There is an increasing trend towards at least partly biodegradable systems, particularly in the case of such articles as packs, packaging foams, bonding materials, films, bags, medical articles, for example plasters or bandages, or hygiene articles, for example diapers, tampons and sanitary napkins. Since articles such as these are often composed of various materials and, generally, comprise at least one bond, it is desirable with a view to improving their biodegradability for the adhesive bond itself to be at least substantially biodegradable while, at the same time, enabling even different materials to be reliably bonded.

Thus, WO 97/04036 describes an adhesive containing polyhydroxy-alkanoates as biodegradable (co)polymers. The adhesive is suitable both for the production of nonwovens and for the production of absorbent materials of the type used, for example, in sanitary articles.

EP-A-0 705 895 relates to a starch-based hotmelt adhesive and to its use for bonding nonwovens to similar or different substrates. The adhesive contains 20 to 60% by weight of a starch ester with a medium or high degree of substitution. If the adhesive in the composite material is contacted with water at a certain temperature, the nonwoven can be separated from the substrate.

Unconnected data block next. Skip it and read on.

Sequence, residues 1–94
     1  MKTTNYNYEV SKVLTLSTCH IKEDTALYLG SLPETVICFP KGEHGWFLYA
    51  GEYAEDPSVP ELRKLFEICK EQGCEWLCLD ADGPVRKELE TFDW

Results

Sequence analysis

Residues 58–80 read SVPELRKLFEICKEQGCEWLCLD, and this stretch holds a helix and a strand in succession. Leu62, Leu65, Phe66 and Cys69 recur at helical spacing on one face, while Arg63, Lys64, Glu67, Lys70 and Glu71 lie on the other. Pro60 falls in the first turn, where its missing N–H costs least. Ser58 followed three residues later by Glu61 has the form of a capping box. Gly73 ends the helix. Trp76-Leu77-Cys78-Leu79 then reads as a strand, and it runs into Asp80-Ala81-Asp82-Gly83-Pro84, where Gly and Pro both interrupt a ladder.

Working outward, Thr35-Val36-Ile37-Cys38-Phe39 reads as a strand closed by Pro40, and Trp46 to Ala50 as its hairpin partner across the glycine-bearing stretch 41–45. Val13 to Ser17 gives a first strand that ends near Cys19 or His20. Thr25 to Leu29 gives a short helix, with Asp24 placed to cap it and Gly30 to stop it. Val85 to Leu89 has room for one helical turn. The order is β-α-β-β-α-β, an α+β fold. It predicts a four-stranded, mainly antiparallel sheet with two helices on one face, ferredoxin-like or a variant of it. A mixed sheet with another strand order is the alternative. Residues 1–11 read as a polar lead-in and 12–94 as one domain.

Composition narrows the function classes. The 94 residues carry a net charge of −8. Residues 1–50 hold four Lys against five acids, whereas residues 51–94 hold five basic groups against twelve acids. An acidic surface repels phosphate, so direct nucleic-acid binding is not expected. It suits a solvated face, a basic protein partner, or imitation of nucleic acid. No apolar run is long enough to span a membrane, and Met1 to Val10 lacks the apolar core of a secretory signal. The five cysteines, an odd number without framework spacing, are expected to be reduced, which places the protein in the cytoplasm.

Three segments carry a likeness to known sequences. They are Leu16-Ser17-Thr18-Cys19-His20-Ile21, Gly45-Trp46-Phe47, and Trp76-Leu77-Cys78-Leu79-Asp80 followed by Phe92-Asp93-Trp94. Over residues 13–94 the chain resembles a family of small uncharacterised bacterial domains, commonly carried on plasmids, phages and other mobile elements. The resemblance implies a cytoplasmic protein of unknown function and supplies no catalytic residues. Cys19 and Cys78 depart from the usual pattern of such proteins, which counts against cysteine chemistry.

EP-A0 741 177 relates to biodegradable hotmelt adhesives of polylactides. This document makes particular mention of polyhydroxybutyrate/polyhydroxyvalerate polymers which contain sucrose benzoate as tackifier. The hotmelt adhesives are used for bonding packs, for example paperboard articles, in book binding and for the production of fabric-based composites or disposable sanitary articles.

EP-A-0 741 178 relates to biodegradable hotmelt adhesives of polyesters which contain at least one hydroxy group per recurring unit. The described polyesters are combined with such additives as tackifiers, plasticizers or stabilizers. The polyesters are prepared by reacting dicarboxylic acids with diglycidyl ethers.